Friday, May 15, 2009

SEC Proposes Tougher Rules on Investment Advisers

In the wake of the Madoff scandal and other pyramid schemes, the SEC yesterday proposed rule amendments requiring investment advisers who maintain custody of their clients' assets to subject themselves to surprise exams by the SEC.

The full text of the proposed amendments is expected to be published shortly. Once published, the proposal will be subject to a 60-day public comment period.


House Discusses Bill to Repeal Private Advisor Exemption

The House Committee on Financial Services held a hearing on May 7th which included a discussion of a bill that would repeal Section 203(b)(3) of the Investment Advisers Act of 1940 (the "Private Advisor Exemption"), which exempts investment advisers from SEC registration if they have fewer than 15 clients. The bill, designated H.R. 711: The Hedge Fund Advisor Registration Act (the "Act"), was introduced on January 27, 2009 by Rep. Mike Capuano (D-MA) and Rep. Mike Castle (R-DE) and can be accessed here. If enacted, the Act would subject all investment advisers to SEC registration.


Placement Agents: Carlyle Agrees to Restrictions on Use of Placement Agents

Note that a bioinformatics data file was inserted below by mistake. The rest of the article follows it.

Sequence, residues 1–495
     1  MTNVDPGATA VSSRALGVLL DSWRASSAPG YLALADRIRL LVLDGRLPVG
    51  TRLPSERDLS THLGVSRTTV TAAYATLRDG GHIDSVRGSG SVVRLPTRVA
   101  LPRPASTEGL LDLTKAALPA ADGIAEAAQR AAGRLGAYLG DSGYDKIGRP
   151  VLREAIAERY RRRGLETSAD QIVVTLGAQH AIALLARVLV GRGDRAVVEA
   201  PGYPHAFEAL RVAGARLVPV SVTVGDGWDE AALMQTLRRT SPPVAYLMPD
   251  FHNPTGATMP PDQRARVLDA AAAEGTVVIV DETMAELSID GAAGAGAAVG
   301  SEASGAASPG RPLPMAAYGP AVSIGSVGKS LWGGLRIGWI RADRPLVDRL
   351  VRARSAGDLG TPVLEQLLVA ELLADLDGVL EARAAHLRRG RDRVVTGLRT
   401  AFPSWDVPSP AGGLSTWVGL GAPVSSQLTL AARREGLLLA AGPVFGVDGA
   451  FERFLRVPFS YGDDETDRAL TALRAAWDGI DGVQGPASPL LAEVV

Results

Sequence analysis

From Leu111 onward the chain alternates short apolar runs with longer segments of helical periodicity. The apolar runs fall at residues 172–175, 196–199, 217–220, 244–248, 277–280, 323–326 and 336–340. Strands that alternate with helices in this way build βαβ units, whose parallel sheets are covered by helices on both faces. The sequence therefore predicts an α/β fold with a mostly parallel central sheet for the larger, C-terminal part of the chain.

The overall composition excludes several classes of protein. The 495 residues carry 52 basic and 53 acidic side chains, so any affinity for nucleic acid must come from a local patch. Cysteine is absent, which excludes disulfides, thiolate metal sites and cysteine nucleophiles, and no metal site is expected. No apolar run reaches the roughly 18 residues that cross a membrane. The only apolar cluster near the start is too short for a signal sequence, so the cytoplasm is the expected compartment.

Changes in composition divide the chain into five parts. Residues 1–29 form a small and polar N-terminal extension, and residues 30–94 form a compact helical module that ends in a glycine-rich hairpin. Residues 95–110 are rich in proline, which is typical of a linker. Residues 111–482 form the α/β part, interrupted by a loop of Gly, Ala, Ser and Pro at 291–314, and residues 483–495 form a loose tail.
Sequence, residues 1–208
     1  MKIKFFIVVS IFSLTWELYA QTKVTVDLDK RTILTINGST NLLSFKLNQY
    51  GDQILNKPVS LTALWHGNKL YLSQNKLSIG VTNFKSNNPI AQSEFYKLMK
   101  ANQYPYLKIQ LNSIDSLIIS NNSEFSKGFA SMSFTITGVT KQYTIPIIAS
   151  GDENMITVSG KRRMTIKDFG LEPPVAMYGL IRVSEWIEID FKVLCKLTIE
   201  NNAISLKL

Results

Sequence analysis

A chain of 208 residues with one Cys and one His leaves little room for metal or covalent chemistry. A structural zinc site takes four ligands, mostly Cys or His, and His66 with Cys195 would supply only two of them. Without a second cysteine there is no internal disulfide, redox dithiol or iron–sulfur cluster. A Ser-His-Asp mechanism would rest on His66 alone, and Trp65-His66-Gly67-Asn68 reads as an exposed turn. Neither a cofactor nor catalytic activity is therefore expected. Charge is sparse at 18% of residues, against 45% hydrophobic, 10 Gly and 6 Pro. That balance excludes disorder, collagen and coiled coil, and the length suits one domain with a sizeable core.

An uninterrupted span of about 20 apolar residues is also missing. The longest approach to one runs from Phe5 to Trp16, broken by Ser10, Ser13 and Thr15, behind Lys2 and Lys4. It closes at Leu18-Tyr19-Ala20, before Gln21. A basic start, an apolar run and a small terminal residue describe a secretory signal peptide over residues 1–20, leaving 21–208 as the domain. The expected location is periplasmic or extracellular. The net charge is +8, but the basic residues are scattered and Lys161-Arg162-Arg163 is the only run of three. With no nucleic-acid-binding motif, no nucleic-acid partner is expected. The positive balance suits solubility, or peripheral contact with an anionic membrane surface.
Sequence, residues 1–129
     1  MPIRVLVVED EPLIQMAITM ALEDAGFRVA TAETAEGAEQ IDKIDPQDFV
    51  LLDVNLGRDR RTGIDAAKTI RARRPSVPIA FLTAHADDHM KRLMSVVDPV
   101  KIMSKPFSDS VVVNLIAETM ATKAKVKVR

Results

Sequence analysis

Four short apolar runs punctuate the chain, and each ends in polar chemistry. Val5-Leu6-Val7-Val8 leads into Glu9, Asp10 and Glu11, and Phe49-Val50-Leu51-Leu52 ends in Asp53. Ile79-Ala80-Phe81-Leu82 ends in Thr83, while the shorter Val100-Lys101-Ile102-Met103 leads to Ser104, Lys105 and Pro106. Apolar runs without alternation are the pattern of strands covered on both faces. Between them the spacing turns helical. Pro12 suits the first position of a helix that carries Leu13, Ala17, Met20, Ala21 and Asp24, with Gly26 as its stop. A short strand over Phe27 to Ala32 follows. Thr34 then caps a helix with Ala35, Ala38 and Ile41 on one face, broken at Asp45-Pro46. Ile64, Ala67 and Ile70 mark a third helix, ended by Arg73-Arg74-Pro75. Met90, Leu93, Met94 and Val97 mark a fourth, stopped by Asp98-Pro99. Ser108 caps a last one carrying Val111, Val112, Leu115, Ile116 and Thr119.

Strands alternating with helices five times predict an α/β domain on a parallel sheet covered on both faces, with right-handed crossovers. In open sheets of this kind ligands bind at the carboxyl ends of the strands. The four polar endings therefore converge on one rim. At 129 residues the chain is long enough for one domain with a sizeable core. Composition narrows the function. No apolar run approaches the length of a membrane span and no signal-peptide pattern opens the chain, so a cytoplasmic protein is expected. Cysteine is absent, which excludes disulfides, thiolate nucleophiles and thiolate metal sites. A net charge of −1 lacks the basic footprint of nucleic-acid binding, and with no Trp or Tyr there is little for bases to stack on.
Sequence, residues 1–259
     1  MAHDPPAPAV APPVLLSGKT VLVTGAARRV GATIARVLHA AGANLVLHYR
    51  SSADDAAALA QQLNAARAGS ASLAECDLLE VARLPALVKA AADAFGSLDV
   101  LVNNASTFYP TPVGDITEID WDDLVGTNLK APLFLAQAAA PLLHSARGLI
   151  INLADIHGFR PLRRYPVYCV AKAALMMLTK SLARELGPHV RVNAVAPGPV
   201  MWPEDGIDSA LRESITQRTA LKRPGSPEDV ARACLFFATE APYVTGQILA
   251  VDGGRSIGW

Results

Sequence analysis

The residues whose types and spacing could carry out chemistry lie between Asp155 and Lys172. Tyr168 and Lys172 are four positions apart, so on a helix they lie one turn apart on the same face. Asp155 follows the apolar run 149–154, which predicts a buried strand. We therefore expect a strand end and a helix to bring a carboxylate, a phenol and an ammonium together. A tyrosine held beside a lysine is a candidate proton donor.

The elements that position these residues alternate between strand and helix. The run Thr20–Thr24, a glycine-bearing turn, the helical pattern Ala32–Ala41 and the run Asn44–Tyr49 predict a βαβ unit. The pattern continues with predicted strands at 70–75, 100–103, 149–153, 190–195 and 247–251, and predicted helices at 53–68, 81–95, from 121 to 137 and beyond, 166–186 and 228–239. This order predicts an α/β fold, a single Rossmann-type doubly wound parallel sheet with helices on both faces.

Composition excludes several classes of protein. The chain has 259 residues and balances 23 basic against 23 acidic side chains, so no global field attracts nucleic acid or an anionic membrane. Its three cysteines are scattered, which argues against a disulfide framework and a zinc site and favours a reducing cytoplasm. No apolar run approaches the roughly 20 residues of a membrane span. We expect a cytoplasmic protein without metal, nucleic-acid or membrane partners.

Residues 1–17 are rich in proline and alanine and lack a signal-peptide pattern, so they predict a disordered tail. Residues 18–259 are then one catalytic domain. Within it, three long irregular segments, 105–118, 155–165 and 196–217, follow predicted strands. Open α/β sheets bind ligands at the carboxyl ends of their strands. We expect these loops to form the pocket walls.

The New York Times reports that the New York State Attorney General, Andrew M. Cuomo, has reached a settlement with The Carlyle Group relating to Mr. Cuomo's investigation into the activities of placement agents involving New York State pension funds. Carlyle agreed to pay $20 million and make significant changes to its use of placement agents and other intermediaries that it uses to attract investments in its investment funds. Carlyle will be prohibited from using intermediaries in order to gain introduction or access to officials at public pension funds. In addition, Carlyle's executives and their family members may not make campaign contributions to officials who have oversight responsibility with respect to pension funds for a period of two years after having done business with the pension fund. Carlyle will also have to disclose any contributions it makes to a politician in a state in which it does pension fund business.